7 Ways to Use Negative Customer Feedback to Beat the Competition You can learn a lot about -- and how to improve -- your company from unhappy customers.

By Jeremy Gin

Opinions expressed by Entrepreneur contributors are their own.

"Your most unhappy customers are your greatest source of learning." -- Bill Gates

Negative feedback from customers can be a hard pill to swallow. It often feels unjust, unhelpful and inaccurate. Even the most professional business owners can be defensive and emotional in the face of criticism. And while business owners may intellectually know negative customer feedback is critical to improving their business -- a 10-percent increase in Net Promoter Score (NPS) can correlate with a six to seven-percent increase in revenue -- the hard bit is constructively incorporating it.

Related: Got a Bad Yelp Review? Here's What to Do

The following are seven things every business, small or large, can do to extract as much value as possible from negative feedback.

1. Gather competitive intelligence.

While you likely monitor your own reviews closely, it's also important to scour the public reviews of competitors. By reading their reviews, especially negative ones, it's possible to get a sense for how your products and services stack up to theirs and see if their customers have similar complaints. Careful reading of competitor reviews can also help you determine their weaknesses and find opportunities to win over their customers.

2. Benchmark performance against industry.

If 60 percent of your customers are very happy with the service they received, is that good? How does it compare to others in your industry? SurveyMonkey offers a tool to help you gauge this using their benchmarks. Similarly, some review sites offer detailed customer ratings on metrics such as service, value, quality, returns and shipping, which can also be used to benchmark performance.

For example, to discover how your shipping options compare to the competition, compare your customer ratings on shipping to the average rating for five to 10 competitors.

3. Revamp products, services and marketing.

To be clear, one bit of negative feedback does not always mean you need to change your business. But, should you spot a pattern, say 10 customers all have the same complaint, you can be sure that many more feel the same way.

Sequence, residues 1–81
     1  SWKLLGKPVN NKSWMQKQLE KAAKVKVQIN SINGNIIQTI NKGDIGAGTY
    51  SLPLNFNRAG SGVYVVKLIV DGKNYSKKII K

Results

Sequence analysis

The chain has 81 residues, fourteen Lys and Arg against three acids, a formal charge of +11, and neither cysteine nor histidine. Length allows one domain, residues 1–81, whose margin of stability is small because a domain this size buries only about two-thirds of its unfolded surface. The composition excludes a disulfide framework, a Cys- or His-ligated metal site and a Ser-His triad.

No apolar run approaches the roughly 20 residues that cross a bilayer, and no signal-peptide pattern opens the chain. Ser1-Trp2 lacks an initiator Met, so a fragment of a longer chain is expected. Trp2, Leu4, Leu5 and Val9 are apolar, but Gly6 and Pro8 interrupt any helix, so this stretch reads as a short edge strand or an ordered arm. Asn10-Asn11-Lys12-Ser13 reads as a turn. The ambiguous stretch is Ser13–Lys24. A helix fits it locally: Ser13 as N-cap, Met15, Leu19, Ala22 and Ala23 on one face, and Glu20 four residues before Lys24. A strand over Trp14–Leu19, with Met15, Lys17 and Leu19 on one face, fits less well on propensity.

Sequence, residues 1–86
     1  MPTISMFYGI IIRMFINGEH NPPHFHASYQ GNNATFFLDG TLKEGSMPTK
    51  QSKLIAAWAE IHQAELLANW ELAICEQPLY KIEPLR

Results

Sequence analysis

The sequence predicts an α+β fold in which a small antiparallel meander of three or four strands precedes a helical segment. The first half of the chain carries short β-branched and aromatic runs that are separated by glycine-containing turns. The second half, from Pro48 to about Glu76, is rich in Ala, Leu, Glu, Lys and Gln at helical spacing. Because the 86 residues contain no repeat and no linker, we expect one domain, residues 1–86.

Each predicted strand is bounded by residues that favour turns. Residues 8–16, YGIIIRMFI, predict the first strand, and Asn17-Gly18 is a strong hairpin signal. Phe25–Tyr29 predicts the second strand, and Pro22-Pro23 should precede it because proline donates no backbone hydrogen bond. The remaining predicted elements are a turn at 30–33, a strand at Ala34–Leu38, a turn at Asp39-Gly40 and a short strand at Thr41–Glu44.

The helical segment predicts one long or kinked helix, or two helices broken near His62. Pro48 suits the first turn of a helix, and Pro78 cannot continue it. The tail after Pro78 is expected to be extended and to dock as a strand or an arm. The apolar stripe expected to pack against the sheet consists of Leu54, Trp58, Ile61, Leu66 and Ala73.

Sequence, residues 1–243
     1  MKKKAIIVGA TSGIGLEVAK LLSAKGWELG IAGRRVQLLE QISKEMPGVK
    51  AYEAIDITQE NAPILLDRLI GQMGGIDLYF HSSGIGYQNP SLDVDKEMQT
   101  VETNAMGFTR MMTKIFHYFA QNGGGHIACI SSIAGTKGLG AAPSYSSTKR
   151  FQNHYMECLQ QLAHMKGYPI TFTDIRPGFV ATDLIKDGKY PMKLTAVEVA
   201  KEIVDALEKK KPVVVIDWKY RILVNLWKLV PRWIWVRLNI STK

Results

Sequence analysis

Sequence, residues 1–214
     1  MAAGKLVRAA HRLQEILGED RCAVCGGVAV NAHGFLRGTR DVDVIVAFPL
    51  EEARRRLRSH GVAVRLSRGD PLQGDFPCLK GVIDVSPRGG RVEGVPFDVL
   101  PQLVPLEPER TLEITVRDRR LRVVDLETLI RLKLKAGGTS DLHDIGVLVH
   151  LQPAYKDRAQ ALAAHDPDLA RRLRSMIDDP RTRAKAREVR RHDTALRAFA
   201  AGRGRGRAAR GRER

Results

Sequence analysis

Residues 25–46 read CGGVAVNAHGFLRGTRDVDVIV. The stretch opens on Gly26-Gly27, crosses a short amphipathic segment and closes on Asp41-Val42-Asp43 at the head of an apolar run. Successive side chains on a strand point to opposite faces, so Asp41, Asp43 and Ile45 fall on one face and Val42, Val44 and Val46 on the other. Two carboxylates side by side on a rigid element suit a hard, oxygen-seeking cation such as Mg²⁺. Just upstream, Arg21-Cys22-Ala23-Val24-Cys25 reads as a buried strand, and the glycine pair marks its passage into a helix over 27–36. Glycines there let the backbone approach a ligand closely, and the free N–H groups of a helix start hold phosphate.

Direct feedback from customers can be a great way to shape the evolution of products and services your business provides. And while large product and service changes can be costly and will not always make business sense, smaller changes to marketing and product language can often make a big difference in setting customer expectations and improving satisfaction.

For example, if customers are confused by a return policy currently buried in a link, it might improve customer satisfaction to clearly display the return policy to be sure customers can read it before making a purchase. Even if the change results in a few lost customers upfront, making other customers happier could well be worth it.

Related: The Loudest Consumers Don't Always Represent the Majority

4. Train employees.

Making customer service and sales people continually aware of common customer complaints and how to deal with them can be critical to retaining customers. Formalizing this process by creating a simple training and feedback loop for your staff can make a big impact in your business. Leading management consulting firm, Bain, describes some best practices for this process.

5. Track improvement.

This is a given for most data-driven businesses, but as changes are made to your training, products, services and marketing, carefully monitor how it affects your feedback. Whether using Net Promoter Score or public reviews, let changes in feedback over time be your eyes and ears as you make decisions. And with each change made, calculate at least a rough return on investment (ROI) to determine if it was worth the effort -- and whether similar changes in future make financial sense.

6. Gain unique market insight.

Markets can change so rapidly, it's easy to get left behind. An old-fashioned industry like taxi cabs can get swept away overnight. While businesses can't prevent this completely, staying closely in tune with the needs of customers can help you peer into the future and see where your market is headed. So if your customers are complaining about how your product doesn't work with their drone or virtual reality headset, you can be the first to understand how that will affect your market and business.

7. Retain unhappy customers and prevent damage to your reputation.

The business aphorism goes like this -- "It costs five times more to replace a customer than retain one." While the precise value varies, it's likely that most businesses tend to under-invest in retaining unhappy customers. The good news is that 95 percent of unhappy customers will return if their issue is resolved quickly.

If the negative feedback has been left on a public review website, it's important to immediately reach out to the customer both publicly and privately to offer a resolution. And even if you can't reach a resolution, a thoughtful, professional and polite public response can prevent any loss of future customers who might read it.

Related: Why Online Reputation Management Is Like Brushing Your Teeth

Wavy Line
Jeremy Gin

CEO of SiteJabber

Jeremy Gin is CEO of SiteJabber, a leading community of online business reviewers. The company recently launched SiteJabber for Business, the only completely free review and reputation-management platform, disrupting the practice of charging businesses to manage their reputations. SiteJabber's more than 750,000 member community has reviewed more than 55,000 business and helped more than 40 million consumers find reputable businesses.

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